Let's take a deeeep breath, and work through each step of this function. (Actually, it's not really that bad, just a bit long!)

  1. Compute the adjusted slice angles
    Remember that the slice angles in the chartData array start from 0 radians (3 o'clock), but we want our chart to start from 12 o'clock. So we need to subtract a quarter turn from the slice angles before we use them to draw the slice. We do this using the chartStartAngle variable, storing the results in startAngle and endAngle.
  2. For a pull-out slice, offset the slice from the centre
    The next block of code checks to see if we're drawing a pull-out slice. If we are, then we need to offset the slice from the centre. To do this, we compute the angle of the middle of the slice (halfway between the start and end angle), and work out the number of pixels to pull the slice out by multiplying currentPullOutDistance by the result of the easeOut() function (more on this function in a moment). We can then use simple trigonometry — cosine and sine — to compute the new start position for the slice.
  3. For a pull-out slice, draw the label and set the drop shadow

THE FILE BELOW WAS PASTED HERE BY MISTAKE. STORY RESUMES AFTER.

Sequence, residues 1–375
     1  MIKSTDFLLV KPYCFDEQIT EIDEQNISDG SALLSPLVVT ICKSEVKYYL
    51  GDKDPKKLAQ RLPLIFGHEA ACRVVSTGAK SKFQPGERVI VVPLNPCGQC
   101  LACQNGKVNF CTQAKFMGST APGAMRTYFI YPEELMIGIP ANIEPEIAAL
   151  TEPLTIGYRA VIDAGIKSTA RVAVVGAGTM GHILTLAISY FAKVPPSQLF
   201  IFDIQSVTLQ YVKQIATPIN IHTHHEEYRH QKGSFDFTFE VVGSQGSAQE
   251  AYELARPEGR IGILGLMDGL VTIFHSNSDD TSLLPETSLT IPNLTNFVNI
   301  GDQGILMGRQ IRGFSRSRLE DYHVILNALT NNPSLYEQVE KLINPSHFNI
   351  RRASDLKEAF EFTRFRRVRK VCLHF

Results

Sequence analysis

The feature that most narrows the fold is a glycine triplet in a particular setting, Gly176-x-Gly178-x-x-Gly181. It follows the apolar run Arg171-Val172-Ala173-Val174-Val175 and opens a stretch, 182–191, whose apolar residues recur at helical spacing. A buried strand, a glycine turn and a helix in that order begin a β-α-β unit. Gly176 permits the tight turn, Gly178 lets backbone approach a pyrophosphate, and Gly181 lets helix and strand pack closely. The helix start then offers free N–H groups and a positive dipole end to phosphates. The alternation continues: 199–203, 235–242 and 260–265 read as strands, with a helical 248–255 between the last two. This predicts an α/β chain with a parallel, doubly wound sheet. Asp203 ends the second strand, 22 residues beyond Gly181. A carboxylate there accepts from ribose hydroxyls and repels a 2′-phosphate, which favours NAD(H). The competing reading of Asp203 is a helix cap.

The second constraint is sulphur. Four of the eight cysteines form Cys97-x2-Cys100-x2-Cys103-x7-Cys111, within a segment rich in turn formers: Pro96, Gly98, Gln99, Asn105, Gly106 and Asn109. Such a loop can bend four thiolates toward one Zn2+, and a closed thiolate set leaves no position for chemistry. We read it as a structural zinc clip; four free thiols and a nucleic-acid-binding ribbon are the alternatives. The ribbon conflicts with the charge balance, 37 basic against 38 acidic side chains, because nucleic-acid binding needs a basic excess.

After computing the start position for the pull-out slice, we then draw the text label, which consists of the label from the table (e.g. "SuperWidget"), along with the value (e.g. "$1862.12") and the percentage of the total value. Most of this code should be self-explanatory. context.fillText() expects the text to draw, followed by the X and Y coordinates of the point to start the text. Again, we compute these X and Y values using cosine and sine, adding a bit of padding (pullOutLabelPadding) to the distance from the centre to allow plenty of room for the label.
  4. For a regular slice, draw the slice from the centre
    If the slice isn't a pull-out slice then we just set the slice's start coordinates to be the centre of the pie.
  5. Set up the gradient
    Our gradient fill adds a bit of extra pizazz to the chart. We use context.createLinearGradient() to create a gradient running from the top left of the canvas to three-quarters of the way across and down the canvas. Then we call addColorStop() on the gradient to add 2 colour stops: the gradient start colour at the start of the gradient ("#ddd", or light grey, in our settings), and the slice colour at the end of the gradient.